actually exist on disk then Rewrite will create it for you. What rewrite the same command that is used for writing to the screen. Well, writing
does, is clear the file so you can write to it. NOTE: You are not able to to a file is not much different. All you need to do is the following...
read from the file when using rewrite. Rewrite is used like this:-- write (<file variable>,person);
rewrite (<file variable>); You can write as many records to the file as you like now :)
Easy! Now you can write to the file.

Turbo Pascal 1
Reading records from a file file. The example program below contains a delete procedure if you
To read records from a file you need to use the read statement. This is want to see this in code.
how you do it:--
read (<file variable>,person);
This reads from the file into your record. When you next execute this program Example;
statement you will read the next record from the file into your record
variable. This is because once you have done a read statement the file uses Crt;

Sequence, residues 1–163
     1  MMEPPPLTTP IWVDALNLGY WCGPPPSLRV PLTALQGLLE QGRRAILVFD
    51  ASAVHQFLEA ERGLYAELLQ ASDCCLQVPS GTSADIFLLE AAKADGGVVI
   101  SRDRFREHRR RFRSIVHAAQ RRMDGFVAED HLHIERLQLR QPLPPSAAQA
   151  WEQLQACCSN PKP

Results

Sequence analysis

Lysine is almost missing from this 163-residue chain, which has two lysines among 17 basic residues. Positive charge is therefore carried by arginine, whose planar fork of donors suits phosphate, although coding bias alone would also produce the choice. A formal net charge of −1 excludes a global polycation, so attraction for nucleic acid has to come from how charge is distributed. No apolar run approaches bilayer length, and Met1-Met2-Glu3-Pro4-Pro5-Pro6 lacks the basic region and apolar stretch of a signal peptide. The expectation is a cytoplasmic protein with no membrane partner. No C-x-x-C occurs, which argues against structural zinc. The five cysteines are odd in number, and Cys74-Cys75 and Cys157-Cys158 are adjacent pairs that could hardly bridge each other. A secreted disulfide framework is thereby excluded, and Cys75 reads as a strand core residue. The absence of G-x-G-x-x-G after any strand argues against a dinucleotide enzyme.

pointer is moved along to the next record in the file for your
type
convenience. :)
personType = record
Seek name : string[30];
The seek command is to go to a certain record in the file. The file starts address : string[60];
at 0 so to be at the first record you need to go phone : string[7];
end;
seek (<file variable>,0).
To be past the last record at a place where you can add records to the var
end of the file you will need to go... personFile : file of person;
seek (<file variable>,filesize(<file variable>));
In the above example filesize returns the number of records in the file. procedure Openfile;
But since the records are number from zero up, the seek command goes begin
to the next record after the last record entered, ie the end of the file.
assign (personFile,'person.dat');
reset (personFile); {This assumes the file already
Truncate exists}
The truncate command deletes all the records in the file that lie after the end;
current file position. So to delete the last record from the file you will